A Forecastle of Femininity
I was Officer of the Day during the overnight visit and remember talking to the quartermaster during the middle watch. He said his RNR counterpart in the other ship had told him he was building a garage. Our QM had said that was nice; he only had a driveway himself. It transpired that the RNR QM wasn’t talking so much about a garage as a filling station; in fact he already owned a chain of five of them!
On other occasions, we took members of the Portsmouth Retired Naval Officer’s Association (PRNOA) for their annual jaunt across the Channel. I well remember one elderly fellow being hoisted on board in his wheel chair and wonder what today’s Health & Safety people would have said about it. I organised a cash bar in the capacious Divers’ changing room-cum-classroom aft and soon pink gins and horses’ necks (the duty free price for a tot in those days was 3 new pence) were disappearing like there was no tomorrow. The sea was a bit lumpy and one chap was just telling me he’d been a convoy commodore during WW II and that he hadn’t been sea-sick since 1938 when he suddenly disappeared for an intimate conversation with King Neptune over the transom.
By the time we reached our French destination, the wardroom bar profits had risen significantly and several PRNOA members were somewhat the worse for wear. Did this slow them down at all? No way. As soon as we berthed, they all recovered their composure as if by magic and set off on a postcard run with never a backward glance. Later in the day, they tumbled back carrying a variety of rabbits and singing at the top of their voices. The day had taken its toll, however, and the passage back to Portsmouth was far quieter than the outbound leg.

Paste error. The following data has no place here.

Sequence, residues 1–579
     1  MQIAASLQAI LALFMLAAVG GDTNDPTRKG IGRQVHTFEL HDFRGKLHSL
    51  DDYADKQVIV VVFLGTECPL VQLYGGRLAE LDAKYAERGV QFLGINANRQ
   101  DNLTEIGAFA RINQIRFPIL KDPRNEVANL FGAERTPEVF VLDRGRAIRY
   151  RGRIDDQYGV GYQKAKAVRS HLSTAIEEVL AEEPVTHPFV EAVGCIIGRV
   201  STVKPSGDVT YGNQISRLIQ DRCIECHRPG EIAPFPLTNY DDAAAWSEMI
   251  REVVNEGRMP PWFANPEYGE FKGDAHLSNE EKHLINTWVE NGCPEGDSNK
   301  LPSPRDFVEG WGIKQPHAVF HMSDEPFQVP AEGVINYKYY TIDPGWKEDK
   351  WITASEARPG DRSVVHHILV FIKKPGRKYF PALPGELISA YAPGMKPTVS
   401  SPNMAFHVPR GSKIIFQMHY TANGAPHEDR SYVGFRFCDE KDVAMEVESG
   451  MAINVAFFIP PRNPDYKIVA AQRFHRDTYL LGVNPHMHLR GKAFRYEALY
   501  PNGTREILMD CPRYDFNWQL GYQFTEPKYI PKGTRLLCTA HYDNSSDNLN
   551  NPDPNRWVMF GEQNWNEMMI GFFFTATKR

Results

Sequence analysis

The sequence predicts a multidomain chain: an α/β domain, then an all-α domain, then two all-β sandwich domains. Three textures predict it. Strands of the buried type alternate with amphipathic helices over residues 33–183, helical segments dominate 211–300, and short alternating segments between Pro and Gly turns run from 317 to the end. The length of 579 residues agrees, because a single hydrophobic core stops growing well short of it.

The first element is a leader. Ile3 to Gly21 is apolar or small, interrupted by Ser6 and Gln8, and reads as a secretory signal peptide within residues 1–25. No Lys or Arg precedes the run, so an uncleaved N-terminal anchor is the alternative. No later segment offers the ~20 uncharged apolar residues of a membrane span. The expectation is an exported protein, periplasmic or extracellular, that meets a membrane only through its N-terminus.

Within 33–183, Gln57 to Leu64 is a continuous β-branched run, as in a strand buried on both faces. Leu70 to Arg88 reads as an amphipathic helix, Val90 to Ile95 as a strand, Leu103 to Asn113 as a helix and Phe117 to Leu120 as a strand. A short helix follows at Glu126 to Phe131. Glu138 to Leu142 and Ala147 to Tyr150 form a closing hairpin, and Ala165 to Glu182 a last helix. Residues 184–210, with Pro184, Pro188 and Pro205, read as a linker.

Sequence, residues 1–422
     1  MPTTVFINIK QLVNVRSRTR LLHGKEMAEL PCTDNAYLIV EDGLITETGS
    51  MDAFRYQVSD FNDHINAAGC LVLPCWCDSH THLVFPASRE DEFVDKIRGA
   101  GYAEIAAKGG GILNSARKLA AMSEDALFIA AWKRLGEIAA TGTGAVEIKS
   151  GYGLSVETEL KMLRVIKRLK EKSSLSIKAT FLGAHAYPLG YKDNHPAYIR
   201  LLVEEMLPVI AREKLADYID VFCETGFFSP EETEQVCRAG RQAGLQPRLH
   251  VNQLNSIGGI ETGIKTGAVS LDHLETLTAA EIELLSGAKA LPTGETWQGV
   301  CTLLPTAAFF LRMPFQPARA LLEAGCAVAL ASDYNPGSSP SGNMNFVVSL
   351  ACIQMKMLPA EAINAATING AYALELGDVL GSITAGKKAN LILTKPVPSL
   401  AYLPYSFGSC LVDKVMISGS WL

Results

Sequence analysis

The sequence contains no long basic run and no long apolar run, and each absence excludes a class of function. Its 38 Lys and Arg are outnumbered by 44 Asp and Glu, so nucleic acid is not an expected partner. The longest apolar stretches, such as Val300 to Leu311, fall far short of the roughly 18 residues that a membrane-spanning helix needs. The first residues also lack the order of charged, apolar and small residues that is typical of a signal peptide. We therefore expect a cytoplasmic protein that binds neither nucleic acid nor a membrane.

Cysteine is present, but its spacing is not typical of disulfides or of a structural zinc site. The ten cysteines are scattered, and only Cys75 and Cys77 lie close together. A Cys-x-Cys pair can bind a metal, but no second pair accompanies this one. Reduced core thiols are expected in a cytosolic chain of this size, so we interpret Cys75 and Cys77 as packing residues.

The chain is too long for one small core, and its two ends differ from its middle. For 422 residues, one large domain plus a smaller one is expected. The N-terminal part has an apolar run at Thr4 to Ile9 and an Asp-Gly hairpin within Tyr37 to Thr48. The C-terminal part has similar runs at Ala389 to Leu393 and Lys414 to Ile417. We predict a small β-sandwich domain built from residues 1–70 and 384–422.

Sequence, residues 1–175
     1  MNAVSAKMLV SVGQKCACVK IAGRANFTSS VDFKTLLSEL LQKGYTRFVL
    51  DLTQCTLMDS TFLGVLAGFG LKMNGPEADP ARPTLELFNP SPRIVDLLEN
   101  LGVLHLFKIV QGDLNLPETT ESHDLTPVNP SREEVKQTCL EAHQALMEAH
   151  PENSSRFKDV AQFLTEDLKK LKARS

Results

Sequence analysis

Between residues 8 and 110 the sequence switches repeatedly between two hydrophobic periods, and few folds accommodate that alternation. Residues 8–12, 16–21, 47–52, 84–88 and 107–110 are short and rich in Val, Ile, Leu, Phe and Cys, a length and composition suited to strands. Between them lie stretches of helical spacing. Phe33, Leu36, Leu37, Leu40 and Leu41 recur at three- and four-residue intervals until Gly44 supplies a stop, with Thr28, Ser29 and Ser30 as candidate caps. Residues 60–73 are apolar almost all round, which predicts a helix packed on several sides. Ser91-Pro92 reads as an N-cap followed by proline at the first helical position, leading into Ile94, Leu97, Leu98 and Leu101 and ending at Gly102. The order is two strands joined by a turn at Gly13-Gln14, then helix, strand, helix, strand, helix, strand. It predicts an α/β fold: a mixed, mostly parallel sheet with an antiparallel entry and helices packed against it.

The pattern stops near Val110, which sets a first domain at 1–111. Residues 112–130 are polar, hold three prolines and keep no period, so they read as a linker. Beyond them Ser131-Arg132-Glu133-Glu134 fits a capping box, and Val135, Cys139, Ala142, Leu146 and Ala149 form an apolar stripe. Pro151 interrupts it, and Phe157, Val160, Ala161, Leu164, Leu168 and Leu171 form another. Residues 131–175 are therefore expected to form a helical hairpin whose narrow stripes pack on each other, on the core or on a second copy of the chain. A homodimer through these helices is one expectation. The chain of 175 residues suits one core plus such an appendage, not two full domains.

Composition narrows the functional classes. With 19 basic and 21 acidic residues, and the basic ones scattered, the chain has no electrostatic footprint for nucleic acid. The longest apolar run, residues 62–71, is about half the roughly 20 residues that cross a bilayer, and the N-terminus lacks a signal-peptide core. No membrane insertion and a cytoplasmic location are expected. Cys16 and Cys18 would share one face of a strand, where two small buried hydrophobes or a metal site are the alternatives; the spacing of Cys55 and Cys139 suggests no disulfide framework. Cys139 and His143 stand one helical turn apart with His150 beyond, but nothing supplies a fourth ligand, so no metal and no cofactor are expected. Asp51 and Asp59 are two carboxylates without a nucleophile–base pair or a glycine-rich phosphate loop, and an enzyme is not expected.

THE ANGELS OF ROEDEAN
As Doug Barlow has already described in his dit ‘The Angels have Landed’, HMS Vernon was visited each year by students from Roedean School for girls. This was to commemorate the affiliation established during WW II when part of Vernon had been evacuated to Roedean. Such occasions were marked by an ‘Away all Boats’ and Laleston played her part whenever she was available. One year, the ship’s company was agog because we had been told we would be taking out the school’s orchestra for the day. Visions of skimpily dressed St Trinians type Sixth Form lovelies passed through everyone’s mind.
On the morning of the event, excitement on board had reached a crescendo. A minibus arrived on the jetty and out stepped… a crocodile of little girls. It was somewhat disappointing to learn so late in the day that we had been assigned the junior section of the orchestra comprising girls aged 8 to 13. The more mature and certainly more pneumatic members of the orchestra’s senior section, aged 14 to 18, had been assigned to the tender mercies of Vernon’s Heads of Departments who promptly split them up and took them out in anything that floated. Despite this, Laleston had a pleasant day cruising around the Solent but her berthing back alongside at Vernon was delayed by a cultural ‘happening’ in the Creek. This is the subject of Doug’s dit so I will invite you to read his words for yourself.
Back to Top
Back to Dit Box